Over Half of UK Households Own a Tablet; Microsoft’s ‘Value Me’ Research Indicates Significant Data Sharing Gap
ExchangeWire Research’s weekly roundup brings you up-to-date findings from around the world, with additional insight provided by Rebecca Muir, ExchangeWire, head of research and analysis. In this week’s edition: more than half of UK households now own a tablet, up from 2% in 2011; Microsoft’s ‘Value Me’ research indicates a significant data sharing gap and over half of senior brand and agency marketers rate their knowledge of programmatic video as either ‘average’, ‘poor’ or ‘very poor’.
Tablets now in over 50% of UK households
Recent research from Ofcom highlights a dramatic shift in UK household tablet ownership, which has risen from just 2% in 2011 to 54%. The growth in tablet ownership is set to continue further, with 21% of households that currently do not own a tablet indicating they were likely to purchase one within the next 12 months. Kate Reeve, director of consumer research at Ofcom said: “In just five years, tablets have become a must-have device for millions of UK households.”
Earlier in 2015 the IAB/PwC data showed that last year UK tablet-dedicated ad spend alone grew 118% to reach £87.4m. Tablets offer advertisers the chance to engage consumers with more creative ads compared to smartphones, more akin to desktop display advertising so it’s no surprise that the trend is for significant increases in spend.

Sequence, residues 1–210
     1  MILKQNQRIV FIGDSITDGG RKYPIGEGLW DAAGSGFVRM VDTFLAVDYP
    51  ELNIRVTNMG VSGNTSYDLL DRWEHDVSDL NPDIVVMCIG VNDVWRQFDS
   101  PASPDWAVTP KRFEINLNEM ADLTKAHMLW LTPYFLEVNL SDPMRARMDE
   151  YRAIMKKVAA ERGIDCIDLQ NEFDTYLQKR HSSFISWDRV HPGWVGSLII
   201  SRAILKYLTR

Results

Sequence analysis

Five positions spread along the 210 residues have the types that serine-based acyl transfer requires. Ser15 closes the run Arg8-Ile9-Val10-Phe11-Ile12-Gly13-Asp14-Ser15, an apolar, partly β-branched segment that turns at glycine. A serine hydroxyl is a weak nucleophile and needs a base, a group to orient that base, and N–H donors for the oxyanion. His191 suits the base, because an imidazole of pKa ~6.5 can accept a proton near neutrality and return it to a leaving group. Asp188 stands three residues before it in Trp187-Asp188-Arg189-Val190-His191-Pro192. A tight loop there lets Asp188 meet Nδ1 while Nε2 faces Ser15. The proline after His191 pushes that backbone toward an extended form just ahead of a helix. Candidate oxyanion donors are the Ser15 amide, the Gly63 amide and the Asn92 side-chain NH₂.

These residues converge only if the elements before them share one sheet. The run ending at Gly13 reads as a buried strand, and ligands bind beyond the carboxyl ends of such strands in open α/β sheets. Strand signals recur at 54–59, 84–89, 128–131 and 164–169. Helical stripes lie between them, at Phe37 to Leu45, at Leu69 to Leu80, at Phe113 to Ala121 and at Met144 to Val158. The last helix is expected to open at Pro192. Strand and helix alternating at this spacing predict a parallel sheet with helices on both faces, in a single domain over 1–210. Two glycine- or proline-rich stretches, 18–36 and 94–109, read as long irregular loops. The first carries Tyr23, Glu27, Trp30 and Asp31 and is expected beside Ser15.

As well as more interactive ad formats, tablets also provide consumers with a more user friendly user interface (UI) to make purchases therefore, as is demonstrated by the higher conversion rates on tablets compared to desktop. However, advertisers need to exercise caution when evaluating performance across multiple devices and make sure they are considering the path-to-conversion not just the final ad interaction.
App usage is also increasing in line with the increased uptake of tablets, with 86% of those that use an internet connected tablet also using apps. However, when seeking out information the browser still remains dominant with 69% of respondents using it to search. Gaming has also risen with 15% of tablet users using it to play games on; this figure rises to 24% in the 16-24 age range.
Brands losing customer trust through data collection
The Microsoft Value exchange study, carried out in partnership with The Future Laboratory and Sentient Decision Science highlights a shift in the expectations of consumers that are sharing their data with companies. This landmark study took in over 16,500 global online responses alongside 72 in depth qualitative interviews.
Consumers have a perception of data being personal to them, leading to a perception that this sharing could not be useful to them. Consumers were most likely to share personal information (57%) and demographic information (50%) with companies. Consumers are shifting their expectations of what they expect to receive in exchange for data and the personal value they attribute to it.